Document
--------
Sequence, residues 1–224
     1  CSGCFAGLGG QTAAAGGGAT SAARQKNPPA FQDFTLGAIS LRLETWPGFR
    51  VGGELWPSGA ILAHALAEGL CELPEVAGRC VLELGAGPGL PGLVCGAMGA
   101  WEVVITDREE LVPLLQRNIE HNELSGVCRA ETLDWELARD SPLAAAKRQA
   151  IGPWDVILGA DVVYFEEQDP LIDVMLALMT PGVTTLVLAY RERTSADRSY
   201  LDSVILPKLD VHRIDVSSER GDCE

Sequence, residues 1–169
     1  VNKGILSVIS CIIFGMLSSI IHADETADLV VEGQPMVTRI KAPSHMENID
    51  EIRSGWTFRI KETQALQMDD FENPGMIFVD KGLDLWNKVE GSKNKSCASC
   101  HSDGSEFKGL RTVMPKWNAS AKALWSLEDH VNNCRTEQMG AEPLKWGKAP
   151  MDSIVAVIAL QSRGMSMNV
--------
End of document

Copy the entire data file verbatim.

Sequence, residues 1–224
     1  CSGCFAGLGG QTAAAGGGAT SAARQKNPPA FQDFTLGAIS LRLETWPGFR
    51  VGGELWPSGA ILAHALAEGL CELPEVAGRC VLELGAGPGL PGLVCGAMGA
   101  WEVVITDREE LVPLLQRNIE HNELSGVCRA ETLDWELARD SPLAAAKRQA
   151  IGPWDVILGA DVVYFEEQDP LIDVMLALMT PGVTTLVLAY RERTSADRSY
   201  LDSVILPKLD VHRIDVSSER GDCE

Sequence, residues 1–169
     1  VNKGILSVIS CIIFGMLSSI IHADETADLV VEGQPMVTRI KAPSHMENID
    51  EIRSGWTFRI KETQALQMDD FENPGMIFVD KGLDLWNKVE GSKNKSCASC
   101  HSDGSEFKGL RTVMPKWNAS AKALWSLEDH VNNCRTEQMG AEPLKWGKAP
   151  MDSIVAVIAL QSRGMSMNV